If your PoolSense app keeps asking you to add chlorine but it isn’t rising continuously the chances are that you have chlorine lock. We suggest you take a sample to your nearest pool shop and ask them to test it. If it comes back with excessive Cyanuric Acid/Stabiliser levels then you will need to partially drain and refill your pool with fresh water. Watch your PoolSense app and see if the ORP levels rise more easily after adding chlorine, repeat if necessary.
What impact does pH have on the effectiveness
of the chlorine in your pool?
Firstly, what is pH? pH is a measure of the acidity of your pool. In the chemical world, the measure of pH ranges from 0 to 14 where 0 is extremely acidic and 14 is extremely basic (non-acidic). A pH of 7.0 means the water is “neutral”, as a matter of interest your tears are typically a pH of around 7.0 so this is why you feel differences in pool acidity in your eyes, as too low or high a pH will have the effect of creating irritation. This effect may also be felt on your skin.
pH affects chlorine levels
pH affects chlorine levels, especially when it’s too high. When the pH level is too low, chlorine actually sanitizes more efficiently, but the pool water becomes corrosive. It can damage pipes, pool liners, metal components, the pool pump and floaties such as beach balls, that remain in the pool too long. However, if the pH is over 7.6 your chlorine no longer effective, in fact as you can see from this chart at a pH of 7.6 your chlorine is only around 30% effective and you will be wasting a lot of money as at that pH you need a lot more chlorine for it to be effective.
The chart below shows the level of active Hypochlorous Acid is in the water with a pH level of 6.0 all the way to 8.5.
With a pH level of 6.0, your chlorine will be highly effective with 97% of your chlorine available to kill bacteria and algae. However, at 6.0 your pool water would be extremely acidic and unsafe to swim in. On the flip side, if your pH is at 8.5 only 9% of your chlorine will be available to kill bacteria, algae and other pathogens.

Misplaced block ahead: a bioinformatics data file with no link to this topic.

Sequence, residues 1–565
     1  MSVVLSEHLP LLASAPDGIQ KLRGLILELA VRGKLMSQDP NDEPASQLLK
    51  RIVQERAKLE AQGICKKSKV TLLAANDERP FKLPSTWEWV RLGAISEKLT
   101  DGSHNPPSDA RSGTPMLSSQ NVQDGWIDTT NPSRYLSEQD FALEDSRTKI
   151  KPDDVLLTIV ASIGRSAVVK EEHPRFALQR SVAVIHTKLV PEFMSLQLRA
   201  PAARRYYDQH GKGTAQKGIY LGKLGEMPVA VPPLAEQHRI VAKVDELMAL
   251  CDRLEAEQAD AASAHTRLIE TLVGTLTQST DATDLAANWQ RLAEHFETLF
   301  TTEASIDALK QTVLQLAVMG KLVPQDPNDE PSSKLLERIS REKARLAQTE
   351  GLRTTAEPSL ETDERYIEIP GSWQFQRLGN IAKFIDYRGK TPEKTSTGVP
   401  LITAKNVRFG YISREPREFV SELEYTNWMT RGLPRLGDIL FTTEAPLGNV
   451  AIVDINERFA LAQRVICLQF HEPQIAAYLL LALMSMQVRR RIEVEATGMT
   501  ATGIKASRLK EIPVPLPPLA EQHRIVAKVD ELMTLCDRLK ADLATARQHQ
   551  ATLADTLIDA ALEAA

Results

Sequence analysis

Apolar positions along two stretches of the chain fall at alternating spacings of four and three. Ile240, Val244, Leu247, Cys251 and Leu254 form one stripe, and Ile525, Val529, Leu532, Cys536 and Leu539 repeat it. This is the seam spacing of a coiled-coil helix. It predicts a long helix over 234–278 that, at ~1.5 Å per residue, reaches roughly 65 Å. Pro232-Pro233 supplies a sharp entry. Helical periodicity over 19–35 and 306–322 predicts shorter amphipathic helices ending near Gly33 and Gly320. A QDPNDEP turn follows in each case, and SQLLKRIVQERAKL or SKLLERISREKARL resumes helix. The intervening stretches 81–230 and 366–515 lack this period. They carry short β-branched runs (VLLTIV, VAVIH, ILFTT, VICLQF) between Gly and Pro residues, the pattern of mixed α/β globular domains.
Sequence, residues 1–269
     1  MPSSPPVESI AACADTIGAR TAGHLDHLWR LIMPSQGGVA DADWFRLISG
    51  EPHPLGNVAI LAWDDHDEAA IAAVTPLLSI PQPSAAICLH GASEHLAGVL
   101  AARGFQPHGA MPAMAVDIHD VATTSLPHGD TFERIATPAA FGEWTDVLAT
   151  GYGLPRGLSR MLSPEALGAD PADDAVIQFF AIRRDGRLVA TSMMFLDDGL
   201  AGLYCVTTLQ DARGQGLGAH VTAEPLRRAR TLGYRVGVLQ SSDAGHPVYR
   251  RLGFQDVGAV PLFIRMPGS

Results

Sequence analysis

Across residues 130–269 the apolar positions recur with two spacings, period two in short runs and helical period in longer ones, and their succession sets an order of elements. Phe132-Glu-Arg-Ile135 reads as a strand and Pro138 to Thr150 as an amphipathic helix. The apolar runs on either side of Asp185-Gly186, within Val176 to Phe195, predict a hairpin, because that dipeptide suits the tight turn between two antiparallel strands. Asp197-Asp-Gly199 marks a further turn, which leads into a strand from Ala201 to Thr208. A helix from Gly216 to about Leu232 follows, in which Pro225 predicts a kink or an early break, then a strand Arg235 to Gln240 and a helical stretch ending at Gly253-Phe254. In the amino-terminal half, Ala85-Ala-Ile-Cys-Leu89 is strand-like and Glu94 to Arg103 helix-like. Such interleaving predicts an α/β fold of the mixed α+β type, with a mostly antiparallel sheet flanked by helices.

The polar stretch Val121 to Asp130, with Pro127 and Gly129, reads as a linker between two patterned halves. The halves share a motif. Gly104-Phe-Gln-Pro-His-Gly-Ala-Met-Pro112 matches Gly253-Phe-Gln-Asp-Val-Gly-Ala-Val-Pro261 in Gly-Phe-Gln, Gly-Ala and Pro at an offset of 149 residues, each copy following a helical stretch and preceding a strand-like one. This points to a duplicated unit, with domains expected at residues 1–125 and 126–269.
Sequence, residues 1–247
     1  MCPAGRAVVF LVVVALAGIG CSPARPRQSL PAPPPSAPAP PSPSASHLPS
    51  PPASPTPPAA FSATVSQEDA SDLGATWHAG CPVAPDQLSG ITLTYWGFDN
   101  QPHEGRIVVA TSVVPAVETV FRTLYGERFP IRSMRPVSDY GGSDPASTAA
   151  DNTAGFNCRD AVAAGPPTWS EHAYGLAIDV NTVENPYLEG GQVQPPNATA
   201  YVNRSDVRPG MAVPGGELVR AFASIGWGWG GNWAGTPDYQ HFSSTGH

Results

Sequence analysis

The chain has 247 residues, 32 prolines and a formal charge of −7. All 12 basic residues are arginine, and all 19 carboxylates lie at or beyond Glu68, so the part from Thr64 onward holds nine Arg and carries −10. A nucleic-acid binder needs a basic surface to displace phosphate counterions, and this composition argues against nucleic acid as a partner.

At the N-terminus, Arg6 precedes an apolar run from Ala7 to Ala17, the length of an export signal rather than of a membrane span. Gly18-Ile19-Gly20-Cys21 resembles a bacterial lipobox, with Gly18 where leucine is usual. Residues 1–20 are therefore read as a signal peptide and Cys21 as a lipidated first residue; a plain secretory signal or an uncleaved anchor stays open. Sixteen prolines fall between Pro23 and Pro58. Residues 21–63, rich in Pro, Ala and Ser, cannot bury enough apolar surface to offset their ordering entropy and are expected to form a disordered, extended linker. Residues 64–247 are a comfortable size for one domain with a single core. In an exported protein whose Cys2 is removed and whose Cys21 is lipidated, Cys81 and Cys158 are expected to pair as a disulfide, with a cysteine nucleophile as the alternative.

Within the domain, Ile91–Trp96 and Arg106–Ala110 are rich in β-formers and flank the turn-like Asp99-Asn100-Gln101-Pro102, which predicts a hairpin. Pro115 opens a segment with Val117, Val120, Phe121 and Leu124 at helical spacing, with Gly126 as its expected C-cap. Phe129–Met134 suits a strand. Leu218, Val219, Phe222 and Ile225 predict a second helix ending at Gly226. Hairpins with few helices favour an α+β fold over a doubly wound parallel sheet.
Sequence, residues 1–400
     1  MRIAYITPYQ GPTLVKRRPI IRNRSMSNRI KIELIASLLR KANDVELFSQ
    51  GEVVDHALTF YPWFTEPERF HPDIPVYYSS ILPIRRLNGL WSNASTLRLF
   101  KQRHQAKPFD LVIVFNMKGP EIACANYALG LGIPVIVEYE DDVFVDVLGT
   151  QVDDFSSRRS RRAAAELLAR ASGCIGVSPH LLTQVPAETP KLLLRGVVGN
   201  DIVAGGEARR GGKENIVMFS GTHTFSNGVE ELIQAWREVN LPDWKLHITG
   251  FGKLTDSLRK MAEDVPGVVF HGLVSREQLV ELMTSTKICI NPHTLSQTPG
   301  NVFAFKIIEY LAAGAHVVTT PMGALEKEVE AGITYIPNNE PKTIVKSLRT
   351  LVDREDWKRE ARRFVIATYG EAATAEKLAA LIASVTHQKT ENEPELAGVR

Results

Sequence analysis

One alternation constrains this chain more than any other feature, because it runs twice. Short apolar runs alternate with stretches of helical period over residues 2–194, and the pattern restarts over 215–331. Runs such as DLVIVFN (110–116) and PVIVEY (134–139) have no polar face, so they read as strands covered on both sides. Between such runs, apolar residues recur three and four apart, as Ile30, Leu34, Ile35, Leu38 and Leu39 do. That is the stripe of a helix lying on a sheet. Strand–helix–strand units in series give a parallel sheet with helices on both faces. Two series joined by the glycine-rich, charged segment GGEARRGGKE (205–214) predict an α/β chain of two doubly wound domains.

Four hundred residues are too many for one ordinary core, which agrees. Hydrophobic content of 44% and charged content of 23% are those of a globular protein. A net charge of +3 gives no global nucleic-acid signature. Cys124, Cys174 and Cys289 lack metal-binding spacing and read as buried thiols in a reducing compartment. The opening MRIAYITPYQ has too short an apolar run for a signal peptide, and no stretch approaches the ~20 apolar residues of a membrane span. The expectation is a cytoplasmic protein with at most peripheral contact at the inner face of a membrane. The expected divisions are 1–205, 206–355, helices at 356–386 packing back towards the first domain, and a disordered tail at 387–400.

Your PoolSense App guides you very effectively and all you need to do is maintain the pH within the green band to get the best use out of the chlorine you have added.
Adjusting pH and keeping this within the range advised
The optimal band for pH is 7.2 to 7.6. When your pool is balanced and in what we refer to as “Double Green” as per the image it is relatively easy to maintain it in this balanced state. When your chlorine is consumed it is what is known in chemistry as a “Basic Reaction” which means that generally your pH will tend to increase over time and most of the time you will be asked to add some acid in order to reduce the pH.
Adding Acid has the effect of reducing the pH and adding Soda Ash or “pH Up” has the effect of increasing pH. However if you are asked to add “pH Up” to your pool, by the PoolSense App, and the pH is not rising your Total Alkalinity (TA) may be too low.
Total Alkalinity (TA)